Behavioral Interventions and ADHD

A new study (Pelham, et al., 2016) published in the Journal of Clinical Child and Adolescent Psychology reports that when children with ADHD receive behavioral therapy, particularly along with medication therapy, they follow the classroom rules better and receive better ratings from adults.  The abstract states “The group beginning with behavioral treatment displayed significantly lower rates of observed classroom rule violations (the primary outcome) at study endpoint and tended to have fewer out-of-class disciplinary events.  Further, adding medication secondary to initial behavior modification resulted in better outcomes on the primary outcomes and parent/teacher ratings of oppositional behavior than behavior modification to initial medication.”  

 

This finding continues to support the findings that behavioral interventions for children are superior to the application of medication alone.  Here, the authors found that use of behavioral strategies first, then introduction of medication when the children don’t meet behavioral goals, is superior to the other way around.  Schools that invest in “pull-out” only strategies (social skills training) may wish to consider the use of the brief classroom management training described in Pelham et al., and parents may wish to seek early behavioral parent training as soon as they receive the diagnosis of ADHD for their child.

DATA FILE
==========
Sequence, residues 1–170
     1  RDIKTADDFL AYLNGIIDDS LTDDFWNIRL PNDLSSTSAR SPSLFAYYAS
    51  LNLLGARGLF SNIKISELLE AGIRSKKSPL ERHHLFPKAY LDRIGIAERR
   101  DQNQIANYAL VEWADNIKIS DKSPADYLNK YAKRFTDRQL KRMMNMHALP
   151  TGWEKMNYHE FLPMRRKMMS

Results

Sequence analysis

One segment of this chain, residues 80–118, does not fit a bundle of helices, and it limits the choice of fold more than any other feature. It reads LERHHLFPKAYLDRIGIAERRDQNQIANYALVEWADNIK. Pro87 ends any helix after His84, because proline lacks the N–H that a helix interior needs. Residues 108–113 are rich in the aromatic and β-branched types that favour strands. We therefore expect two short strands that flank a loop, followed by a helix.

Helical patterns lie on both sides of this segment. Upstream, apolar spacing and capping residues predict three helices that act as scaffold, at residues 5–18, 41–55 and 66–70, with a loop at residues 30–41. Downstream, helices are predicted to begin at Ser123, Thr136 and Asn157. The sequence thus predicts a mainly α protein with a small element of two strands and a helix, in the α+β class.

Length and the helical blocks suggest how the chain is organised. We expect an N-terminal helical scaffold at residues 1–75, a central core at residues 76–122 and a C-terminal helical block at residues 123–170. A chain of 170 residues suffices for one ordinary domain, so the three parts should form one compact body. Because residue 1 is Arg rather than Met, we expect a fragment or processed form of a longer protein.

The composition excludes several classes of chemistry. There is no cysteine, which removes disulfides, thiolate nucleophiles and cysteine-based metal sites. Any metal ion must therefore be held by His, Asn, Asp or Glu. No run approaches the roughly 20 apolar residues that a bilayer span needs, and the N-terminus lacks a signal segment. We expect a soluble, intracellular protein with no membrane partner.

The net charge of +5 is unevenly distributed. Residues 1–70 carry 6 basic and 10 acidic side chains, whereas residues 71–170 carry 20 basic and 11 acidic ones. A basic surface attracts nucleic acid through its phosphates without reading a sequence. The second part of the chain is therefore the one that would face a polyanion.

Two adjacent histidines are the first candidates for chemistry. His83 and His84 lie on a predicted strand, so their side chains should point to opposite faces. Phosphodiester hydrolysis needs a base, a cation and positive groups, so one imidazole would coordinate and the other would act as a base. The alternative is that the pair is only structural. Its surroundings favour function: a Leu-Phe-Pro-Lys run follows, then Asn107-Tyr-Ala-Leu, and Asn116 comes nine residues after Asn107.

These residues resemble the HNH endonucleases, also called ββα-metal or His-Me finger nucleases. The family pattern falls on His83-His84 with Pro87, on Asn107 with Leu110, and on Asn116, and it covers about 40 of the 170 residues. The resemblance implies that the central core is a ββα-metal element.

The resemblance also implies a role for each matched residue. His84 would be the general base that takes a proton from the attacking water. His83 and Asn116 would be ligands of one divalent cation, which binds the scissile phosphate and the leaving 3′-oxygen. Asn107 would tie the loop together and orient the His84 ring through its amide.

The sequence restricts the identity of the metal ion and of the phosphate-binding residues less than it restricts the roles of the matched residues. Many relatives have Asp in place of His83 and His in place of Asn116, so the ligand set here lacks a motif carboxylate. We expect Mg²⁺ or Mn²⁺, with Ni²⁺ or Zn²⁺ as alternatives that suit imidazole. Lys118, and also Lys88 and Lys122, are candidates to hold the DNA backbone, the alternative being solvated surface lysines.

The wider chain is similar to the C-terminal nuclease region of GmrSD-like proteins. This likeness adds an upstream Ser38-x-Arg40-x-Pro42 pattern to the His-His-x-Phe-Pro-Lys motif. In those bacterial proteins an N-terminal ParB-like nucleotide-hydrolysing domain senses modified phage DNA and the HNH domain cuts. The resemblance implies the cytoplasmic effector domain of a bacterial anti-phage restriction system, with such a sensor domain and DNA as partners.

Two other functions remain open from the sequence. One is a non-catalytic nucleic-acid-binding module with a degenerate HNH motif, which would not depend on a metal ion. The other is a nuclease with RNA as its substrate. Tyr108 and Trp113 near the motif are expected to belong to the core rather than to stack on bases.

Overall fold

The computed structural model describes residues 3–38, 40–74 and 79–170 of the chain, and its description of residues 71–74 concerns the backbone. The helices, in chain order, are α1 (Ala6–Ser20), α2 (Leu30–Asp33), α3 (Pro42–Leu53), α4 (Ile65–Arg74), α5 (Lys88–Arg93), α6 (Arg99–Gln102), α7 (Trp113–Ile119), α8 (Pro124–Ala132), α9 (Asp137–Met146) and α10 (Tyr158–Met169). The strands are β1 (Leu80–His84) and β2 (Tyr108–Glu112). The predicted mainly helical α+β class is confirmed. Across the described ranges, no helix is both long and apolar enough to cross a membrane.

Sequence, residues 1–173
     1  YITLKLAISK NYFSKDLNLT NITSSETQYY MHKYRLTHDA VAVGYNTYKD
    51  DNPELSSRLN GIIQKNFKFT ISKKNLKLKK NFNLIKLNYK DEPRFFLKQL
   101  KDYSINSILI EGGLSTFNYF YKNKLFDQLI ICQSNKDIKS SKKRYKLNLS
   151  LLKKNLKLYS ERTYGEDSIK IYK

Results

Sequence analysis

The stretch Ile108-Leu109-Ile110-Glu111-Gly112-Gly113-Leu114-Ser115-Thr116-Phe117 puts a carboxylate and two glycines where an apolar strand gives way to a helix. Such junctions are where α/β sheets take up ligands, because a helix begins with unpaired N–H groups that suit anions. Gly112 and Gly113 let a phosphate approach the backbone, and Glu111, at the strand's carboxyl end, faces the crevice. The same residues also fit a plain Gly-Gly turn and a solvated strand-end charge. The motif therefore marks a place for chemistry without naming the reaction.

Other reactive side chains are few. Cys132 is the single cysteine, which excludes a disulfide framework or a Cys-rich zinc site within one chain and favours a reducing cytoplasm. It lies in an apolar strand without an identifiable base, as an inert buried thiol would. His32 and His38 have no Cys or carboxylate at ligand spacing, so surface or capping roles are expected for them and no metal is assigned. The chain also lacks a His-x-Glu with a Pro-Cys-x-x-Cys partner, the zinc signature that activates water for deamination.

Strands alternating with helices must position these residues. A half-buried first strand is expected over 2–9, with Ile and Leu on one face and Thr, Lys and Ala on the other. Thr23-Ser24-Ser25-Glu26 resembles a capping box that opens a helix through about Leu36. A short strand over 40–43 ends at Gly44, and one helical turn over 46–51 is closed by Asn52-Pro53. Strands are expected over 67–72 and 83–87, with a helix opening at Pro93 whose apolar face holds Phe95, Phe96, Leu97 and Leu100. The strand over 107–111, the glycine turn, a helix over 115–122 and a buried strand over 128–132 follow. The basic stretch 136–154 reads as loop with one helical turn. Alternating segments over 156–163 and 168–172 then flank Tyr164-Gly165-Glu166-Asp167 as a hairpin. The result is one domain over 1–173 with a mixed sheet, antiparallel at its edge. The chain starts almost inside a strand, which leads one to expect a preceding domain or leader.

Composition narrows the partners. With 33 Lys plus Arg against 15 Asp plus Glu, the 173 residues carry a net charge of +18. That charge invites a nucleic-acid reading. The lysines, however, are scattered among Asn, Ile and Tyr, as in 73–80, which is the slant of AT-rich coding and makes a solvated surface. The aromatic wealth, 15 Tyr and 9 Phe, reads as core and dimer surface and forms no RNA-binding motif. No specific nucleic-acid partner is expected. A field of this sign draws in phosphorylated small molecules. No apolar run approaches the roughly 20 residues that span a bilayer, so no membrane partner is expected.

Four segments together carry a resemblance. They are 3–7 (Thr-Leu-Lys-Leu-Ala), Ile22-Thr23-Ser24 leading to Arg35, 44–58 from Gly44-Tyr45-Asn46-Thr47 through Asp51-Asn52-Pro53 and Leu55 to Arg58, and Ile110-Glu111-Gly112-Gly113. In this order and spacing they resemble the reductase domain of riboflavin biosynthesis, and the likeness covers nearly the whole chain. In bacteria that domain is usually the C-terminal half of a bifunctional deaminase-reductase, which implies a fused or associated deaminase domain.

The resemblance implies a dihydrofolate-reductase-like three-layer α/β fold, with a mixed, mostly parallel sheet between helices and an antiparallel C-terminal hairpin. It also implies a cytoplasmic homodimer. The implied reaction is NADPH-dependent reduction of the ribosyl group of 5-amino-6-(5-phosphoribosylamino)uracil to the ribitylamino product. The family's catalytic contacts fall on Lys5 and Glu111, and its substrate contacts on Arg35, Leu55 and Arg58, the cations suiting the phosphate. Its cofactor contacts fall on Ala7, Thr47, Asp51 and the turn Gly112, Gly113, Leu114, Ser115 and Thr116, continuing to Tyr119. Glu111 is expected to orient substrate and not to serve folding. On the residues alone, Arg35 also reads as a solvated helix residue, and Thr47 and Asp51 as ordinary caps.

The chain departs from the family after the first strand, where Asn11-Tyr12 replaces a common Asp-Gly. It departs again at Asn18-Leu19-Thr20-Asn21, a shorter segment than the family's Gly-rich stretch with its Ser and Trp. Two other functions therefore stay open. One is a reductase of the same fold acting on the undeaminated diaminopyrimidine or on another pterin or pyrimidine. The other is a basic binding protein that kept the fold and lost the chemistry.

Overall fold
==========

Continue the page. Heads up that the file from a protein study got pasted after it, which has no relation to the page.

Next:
One key implication of this study is the important of primary prevention through the use of screening, early diagnosis, and application of behavioral parent training. While social skills groups were applied in this study, I would argue that the use of consistent behavioral parenting, along with school-based classroom management strategies, create both positive outcomes on their own, and when medication is necessary, likely provide the skills needed by children when they benefit from the meds.  

Pelham is well-known for his series of studies on summer camps for ADHD children with behavior problems. Those camps have been consistently shown to produce, through the application of behavioral methods, both remarkable improvements in children after attendance, and at follow-up after the intervention is withdrawn.